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Battery Capacity Math Question
#11
While I get your comment, and its a good point....
I'm talking "power capacity" by using 16wh vs 32wh as the metric of capacity in my comment.   Here's a quote from https://learn.adafruit.com/all-about-bat...capability -  "Power capacity is how much energy is stored in the battery. This power is often expressed in Watt-hours (the symbol [b]Wh[/b])."   

While the previous poster said "capacity" (without clarification) I think DIY'ers will often mean "how long can I run something" when they say capacity.   In the sense of "how long will my battery run something" - adding cells in series will increase (power) capacity.  Smile
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#12
(09-08-2020, 06:10 PM)OffGridInTheCity Wrote: I'm talking "power capacity" by using 16wh vs 32wh as the metric of capacity in my comment.   Here's a quote from https://learn.adafruit.com/all-about-bat...capability -  "Power capacity is how much energy is stored in the battery. This power is often expressed in Watt-hours (the symbol Wh)."   

No, as I explained above, you are talking about battery "energy" (or "energy capacity") (Wh), not "power capacity" (W). Of course it comes as no surprise that there are some (hobby) pages on the web where authors misuse standard terminology (whether by oversight or inexperience).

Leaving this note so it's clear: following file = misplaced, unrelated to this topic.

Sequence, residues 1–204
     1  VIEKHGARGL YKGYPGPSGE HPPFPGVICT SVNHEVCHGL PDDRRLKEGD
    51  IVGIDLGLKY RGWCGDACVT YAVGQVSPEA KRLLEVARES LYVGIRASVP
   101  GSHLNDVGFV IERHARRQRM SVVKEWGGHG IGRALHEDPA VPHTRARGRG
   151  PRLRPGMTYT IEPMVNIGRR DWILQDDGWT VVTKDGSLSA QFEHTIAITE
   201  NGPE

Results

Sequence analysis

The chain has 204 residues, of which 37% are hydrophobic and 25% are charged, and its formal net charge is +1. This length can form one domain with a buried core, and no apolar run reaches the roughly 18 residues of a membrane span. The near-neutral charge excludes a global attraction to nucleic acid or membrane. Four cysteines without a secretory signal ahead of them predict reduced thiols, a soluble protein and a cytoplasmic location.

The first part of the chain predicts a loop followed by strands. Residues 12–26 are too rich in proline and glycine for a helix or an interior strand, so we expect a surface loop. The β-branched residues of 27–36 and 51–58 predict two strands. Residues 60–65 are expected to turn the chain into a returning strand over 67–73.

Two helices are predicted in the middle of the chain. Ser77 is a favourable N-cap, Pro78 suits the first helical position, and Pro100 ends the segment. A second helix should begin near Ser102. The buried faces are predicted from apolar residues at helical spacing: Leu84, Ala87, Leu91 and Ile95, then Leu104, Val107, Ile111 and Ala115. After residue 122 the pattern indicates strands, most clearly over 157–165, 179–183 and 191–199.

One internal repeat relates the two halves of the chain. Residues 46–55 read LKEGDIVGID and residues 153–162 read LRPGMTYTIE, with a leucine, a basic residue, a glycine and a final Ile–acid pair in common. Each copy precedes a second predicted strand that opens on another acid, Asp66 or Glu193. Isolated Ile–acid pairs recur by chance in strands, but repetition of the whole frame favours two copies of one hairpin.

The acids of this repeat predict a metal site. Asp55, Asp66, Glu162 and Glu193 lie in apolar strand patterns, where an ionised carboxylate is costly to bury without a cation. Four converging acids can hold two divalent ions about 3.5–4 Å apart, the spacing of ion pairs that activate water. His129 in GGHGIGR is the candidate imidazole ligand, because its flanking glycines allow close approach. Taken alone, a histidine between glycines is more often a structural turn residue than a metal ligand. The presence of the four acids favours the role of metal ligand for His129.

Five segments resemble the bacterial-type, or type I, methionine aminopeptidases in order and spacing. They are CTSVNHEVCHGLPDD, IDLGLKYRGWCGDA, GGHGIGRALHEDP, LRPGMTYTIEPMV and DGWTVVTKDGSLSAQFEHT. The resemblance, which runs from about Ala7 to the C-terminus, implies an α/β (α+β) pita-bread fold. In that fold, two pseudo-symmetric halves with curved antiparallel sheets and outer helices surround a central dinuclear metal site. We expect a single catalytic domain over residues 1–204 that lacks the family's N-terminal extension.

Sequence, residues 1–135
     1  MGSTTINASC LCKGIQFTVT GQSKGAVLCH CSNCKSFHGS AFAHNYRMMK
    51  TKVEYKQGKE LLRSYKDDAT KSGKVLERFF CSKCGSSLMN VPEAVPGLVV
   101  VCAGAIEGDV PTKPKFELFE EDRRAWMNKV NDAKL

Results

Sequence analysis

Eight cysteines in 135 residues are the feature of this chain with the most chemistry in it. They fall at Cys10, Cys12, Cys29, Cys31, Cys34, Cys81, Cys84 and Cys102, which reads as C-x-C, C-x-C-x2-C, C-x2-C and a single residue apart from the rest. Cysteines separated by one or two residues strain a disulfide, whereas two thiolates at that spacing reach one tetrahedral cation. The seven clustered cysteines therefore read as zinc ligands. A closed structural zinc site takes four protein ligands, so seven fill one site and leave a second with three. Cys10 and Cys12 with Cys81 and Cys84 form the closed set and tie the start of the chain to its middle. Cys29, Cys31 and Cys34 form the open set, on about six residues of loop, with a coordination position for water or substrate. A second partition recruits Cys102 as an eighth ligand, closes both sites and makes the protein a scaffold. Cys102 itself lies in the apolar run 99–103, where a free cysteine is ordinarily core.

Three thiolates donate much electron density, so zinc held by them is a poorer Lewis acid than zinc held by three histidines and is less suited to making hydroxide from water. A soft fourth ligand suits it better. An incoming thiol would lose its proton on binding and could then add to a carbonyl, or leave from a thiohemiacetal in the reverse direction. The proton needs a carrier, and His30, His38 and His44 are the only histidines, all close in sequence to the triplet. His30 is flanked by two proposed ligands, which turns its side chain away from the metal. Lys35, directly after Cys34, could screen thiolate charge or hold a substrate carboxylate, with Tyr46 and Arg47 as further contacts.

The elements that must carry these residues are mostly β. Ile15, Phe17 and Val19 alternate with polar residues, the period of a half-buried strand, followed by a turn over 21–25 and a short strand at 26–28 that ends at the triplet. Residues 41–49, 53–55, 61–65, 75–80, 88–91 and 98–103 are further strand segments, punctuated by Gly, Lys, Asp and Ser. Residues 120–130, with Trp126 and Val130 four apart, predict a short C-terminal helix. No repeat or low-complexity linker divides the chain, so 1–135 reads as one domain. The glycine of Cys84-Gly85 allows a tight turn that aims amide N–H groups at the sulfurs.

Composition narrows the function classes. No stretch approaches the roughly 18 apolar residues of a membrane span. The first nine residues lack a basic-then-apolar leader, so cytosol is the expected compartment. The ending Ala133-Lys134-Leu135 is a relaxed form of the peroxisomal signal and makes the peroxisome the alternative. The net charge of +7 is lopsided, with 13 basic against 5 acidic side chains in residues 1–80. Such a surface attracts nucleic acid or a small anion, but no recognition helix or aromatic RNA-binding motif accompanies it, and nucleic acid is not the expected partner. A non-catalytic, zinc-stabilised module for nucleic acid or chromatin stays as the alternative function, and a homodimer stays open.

Below is an example of the standard terminology, from an nrel.gov FAQ on Grid-Scale Battery Storage.

nrel.gov Wrote:What are the key characteristics of battery storage systems?

Rated power capacity is the total possible instantaneous discharge capability (in kilowatts [kW] or megawatts [MW]) of the BESS, or the maximum rate of discharge that the BESS can achieve, starting from a fully charged state.

Energy capacity is the maximum amount of stored energy (in kilowatt-hours [kWh] or megawatt-hours [MWh])

and excerpted from a page on eia = U.S. Energy Information Administration (my emphasis).

eia Wrote:In 2010, 7 battery storage systems accounted for only 59 megawatts (MW) of power capacity, the maximum amount of power output a battery can provide in any instant, in the United States [...] These observations consider both power capacity and energy capacity, the total amount of energy that can be stored by a battery system [...] At the end of 2018, 869 megawatts (MW) of power capacity, representing 1,236 megawatthours (MWh) of energy capacity, of large-scale battery storage was in operation in the United States

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